How UV Rays Can Harm the Skin

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The skin is considered to be the first line of defense of the body against any microorganism which has plans of going inside the human body. It serves as a barrier not only to microorganisms, but as well to other things that exists in the environment such as temperature, chemicals, and the heat of the sun. Going out and having the skin exposed under the glaring heat of the sun can cause series of reactions which in turn makes the skin tanned or burned to an extent. People should be wary about their skin because it can actually react faster than ever thought to the Ultraviolet rays from the sun, according to a study.

Ultraviolet rays are invisible rays released as a part of the energy coming from the sun. UV rays are useful in the ecosystem, and even in the human body. It helps the body by converting chemicals present in our skin into Vitamin D. However, when taken in excess it can burn the skin. Good thing, the skin has some protective factor which protects the body from the harmful effects of UV rays. It has an ultraviolet receptor which immediately responds upon the exposure to ultraviolet rays.

The new study was published online in the journal Current Biology. It tackled about the faster reaction of the skin toward the effect of UV rays. According to the researchers who forerun the study, the findings of their research may be useful in the future to make way for the development of new trends of sunscreen which can better protect the skin against the UV rays.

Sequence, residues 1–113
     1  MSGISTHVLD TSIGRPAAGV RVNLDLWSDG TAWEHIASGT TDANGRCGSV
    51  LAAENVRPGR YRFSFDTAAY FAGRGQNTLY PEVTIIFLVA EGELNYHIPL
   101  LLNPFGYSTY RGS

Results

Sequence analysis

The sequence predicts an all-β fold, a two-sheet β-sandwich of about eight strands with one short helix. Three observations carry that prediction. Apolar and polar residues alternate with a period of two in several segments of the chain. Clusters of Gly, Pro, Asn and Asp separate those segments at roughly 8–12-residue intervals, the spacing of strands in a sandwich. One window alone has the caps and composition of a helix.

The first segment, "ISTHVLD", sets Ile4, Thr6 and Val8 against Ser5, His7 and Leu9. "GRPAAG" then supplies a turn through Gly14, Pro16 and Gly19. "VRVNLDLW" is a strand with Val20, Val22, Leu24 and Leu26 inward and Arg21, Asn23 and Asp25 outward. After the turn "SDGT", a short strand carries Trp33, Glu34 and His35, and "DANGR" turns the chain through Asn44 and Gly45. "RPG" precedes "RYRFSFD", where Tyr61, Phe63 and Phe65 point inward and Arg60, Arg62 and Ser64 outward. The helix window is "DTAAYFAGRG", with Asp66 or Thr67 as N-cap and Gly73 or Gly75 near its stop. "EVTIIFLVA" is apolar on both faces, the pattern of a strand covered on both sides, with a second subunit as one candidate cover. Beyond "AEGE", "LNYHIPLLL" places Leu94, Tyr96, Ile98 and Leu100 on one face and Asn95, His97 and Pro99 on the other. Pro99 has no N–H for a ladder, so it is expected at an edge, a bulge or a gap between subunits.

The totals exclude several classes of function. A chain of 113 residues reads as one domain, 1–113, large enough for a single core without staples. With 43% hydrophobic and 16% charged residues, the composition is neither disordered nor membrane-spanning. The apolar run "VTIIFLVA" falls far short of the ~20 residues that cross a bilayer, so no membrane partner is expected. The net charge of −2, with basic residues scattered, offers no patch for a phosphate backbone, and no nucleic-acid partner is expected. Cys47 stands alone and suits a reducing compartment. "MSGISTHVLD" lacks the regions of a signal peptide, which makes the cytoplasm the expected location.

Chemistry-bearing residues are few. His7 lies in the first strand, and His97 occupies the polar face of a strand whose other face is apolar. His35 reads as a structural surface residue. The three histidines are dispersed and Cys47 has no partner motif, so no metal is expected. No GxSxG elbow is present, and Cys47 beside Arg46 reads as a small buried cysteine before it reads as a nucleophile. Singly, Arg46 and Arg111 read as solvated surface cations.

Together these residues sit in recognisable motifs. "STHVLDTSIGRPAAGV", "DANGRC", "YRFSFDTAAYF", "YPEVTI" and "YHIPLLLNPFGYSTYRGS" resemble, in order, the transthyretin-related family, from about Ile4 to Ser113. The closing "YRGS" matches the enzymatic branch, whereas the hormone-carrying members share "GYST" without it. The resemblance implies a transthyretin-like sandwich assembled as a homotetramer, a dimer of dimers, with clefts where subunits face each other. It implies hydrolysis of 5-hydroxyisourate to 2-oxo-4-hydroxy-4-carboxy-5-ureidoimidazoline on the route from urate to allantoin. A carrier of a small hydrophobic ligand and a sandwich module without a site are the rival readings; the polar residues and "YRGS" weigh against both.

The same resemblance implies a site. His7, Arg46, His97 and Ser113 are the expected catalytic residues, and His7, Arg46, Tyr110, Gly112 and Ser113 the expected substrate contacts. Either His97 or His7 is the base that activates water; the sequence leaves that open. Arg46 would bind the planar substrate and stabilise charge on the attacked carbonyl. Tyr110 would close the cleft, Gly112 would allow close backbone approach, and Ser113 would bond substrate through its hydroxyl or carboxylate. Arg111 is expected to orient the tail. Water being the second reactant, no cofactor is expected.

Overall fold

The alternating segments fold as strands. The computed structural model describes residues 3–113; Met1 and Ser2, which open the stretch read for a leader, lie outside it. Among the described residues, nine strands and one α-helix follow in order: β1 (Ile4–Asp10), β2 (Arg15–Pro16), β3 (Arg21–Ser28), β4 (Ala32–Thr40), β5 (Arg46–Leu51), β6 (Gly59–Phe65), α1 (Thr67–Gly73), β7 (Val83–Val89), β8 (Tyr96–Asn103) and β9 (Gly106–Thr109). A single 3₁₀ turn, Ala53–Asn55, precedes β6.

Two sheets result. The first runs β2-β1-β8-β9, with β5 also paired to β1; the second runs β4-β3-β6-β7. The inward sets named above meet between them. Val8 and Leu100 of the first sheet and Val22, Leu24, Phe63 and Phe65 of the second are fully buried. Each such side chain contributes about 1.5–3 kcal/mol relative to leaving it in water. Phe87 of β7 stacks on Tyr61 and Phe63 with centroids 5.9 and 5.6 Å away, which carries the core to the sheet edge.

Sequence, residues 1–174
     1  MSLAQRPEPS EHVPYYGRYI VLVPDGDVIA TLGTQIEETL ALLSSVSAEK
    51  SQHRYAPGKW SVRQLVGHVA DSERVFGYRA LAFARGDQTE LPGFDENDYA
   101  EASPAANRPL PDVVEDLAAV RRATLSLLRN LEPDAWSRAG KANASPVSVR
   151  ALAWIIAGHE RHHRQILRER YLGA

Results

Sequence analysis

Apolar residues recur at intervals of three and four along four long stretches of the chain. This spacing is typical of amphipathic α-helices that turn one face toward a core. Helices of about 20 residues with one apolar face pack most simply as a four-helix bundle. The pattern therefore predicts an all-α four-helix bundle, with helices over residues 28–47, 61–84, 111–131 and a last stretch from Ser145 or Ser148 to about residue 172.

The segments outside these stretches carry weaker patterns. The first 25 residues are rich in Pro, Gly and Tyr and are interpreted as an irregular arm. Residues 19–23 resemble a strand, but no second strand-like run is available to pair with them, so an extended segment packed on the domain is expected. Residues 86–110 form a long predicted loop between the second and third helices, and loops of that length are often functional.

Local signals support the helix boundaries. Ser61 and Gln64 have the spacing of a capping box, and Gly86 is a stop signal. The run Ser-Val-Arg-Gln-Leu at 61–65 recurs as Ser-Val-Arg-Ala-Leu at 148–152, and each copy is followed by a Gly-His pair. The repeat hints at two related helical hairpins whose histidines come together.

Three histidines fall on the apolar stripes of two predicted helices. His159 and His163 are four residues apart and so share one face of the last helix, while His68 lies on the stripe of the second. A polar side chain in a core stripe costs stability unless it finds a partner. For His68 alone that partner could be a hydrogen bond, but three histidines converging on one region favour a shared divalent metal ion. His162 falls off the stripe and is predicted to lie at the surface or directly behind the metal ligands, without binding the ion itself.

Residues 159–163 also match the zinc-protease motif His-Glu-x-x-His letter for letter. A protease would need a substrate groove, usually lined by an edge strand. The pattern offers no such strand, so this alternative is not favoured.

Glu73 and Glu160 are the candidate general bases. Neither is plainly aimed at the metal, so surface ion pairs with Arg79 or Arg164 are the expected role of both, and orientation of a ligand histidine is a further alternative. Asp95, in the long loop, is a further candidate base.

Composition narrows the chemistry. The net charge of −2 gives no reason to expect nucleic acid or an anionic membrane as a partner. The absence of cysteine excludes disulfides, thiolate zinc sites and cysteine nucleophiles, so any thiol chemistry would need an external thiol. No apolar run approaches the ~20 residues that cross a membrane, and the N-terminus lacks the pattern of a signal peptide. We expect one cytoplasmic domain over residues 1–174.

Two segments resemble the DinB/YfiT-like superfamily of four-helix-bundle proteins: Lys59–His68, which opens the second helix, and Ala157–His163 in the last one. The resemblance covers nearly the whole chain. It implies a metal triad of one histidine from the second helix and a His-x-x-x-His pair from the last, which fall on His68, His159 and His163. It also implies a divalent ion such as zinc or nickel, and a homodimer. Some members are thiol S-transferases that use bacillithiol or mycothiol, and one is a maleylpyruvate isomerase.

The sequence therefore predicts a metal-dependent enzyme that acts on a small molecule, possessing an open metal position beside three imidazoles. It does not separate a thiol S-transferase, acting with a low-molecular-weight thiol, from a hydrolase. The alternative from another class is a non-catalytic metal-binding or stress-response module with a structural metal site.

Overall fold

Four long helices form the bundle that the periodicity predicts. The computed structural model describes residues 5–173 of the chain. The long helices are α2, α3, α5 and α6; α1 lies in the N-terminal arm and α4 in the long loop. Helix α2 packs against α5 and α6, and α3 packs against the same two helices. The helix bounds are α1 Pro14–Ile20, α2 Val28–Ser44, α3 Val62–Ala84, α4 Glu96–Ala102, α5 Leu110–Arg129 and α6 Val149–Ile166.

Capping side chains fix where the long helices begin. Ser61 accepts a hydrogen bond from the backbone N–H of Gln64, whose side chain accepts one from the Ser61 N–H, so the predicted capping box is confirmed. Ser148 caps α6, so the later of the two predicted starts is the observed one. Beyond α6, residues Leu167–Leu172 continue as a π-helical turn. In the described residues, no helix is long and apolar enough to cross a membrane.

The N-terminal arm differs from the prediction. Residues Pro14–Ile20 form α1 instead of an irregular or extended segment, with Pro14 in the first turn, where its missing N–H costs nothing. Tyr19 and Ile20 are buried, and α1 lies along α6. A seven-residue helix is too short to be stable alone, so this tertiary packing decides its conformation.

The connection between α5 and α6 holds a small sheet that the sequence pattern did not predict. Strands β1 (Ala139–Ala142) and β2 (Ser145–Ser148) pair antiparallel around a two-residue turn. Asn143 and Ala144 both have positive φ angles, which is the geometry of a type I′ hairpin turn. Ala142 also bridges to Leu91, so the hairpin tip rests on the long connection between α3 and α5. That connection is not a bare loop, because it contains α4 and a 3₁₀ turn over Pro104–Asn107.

Furthermore, the researchers found out that a specific pigment-producing cell in the skin called melanocytes immediately reacts upon exposure to UV rays. These melanocytes produce melanin which causes the pigment color in the skin after long exposure to sun rays. This mechanism of producing melanin in reaction to UV rays depends on a light sensitive protein called rhodopsin which is also found in the retina of the eye.

According to Elena Oancea, a researcher involved in the study, she said in conclusion: “We hypothesize that the early melanin production triggered by rhodopsin activation provides a first line of defense against ultraviolet light-induced damage.” She further added: “If this is the case, then this pathway and its protective capacity should be taken into consideration in the design and use of broad-spectrum sunscreens.”

As per the CDC statistics, skin cancer is the most common form of cancer in the United States. The following statistics refer to melanomas of the skin. Non-epithelial skin cancers, which are not reflected below, represent 7% of skin cancers that are tracked by central cancer registries. These statistics also do not include data for basal cell and squamous cell carcinomas, which are not tracked by central cancer registries. In 2007 (the most recent year numbers are available)—

  • 58,094 people in the United States were diagnosed with melanomas of the skin, including 33,041 men and 25,053 women.
  • 8,461 people in the United States died from melanomas of the skin, including 5,506 men and 2,955 women.



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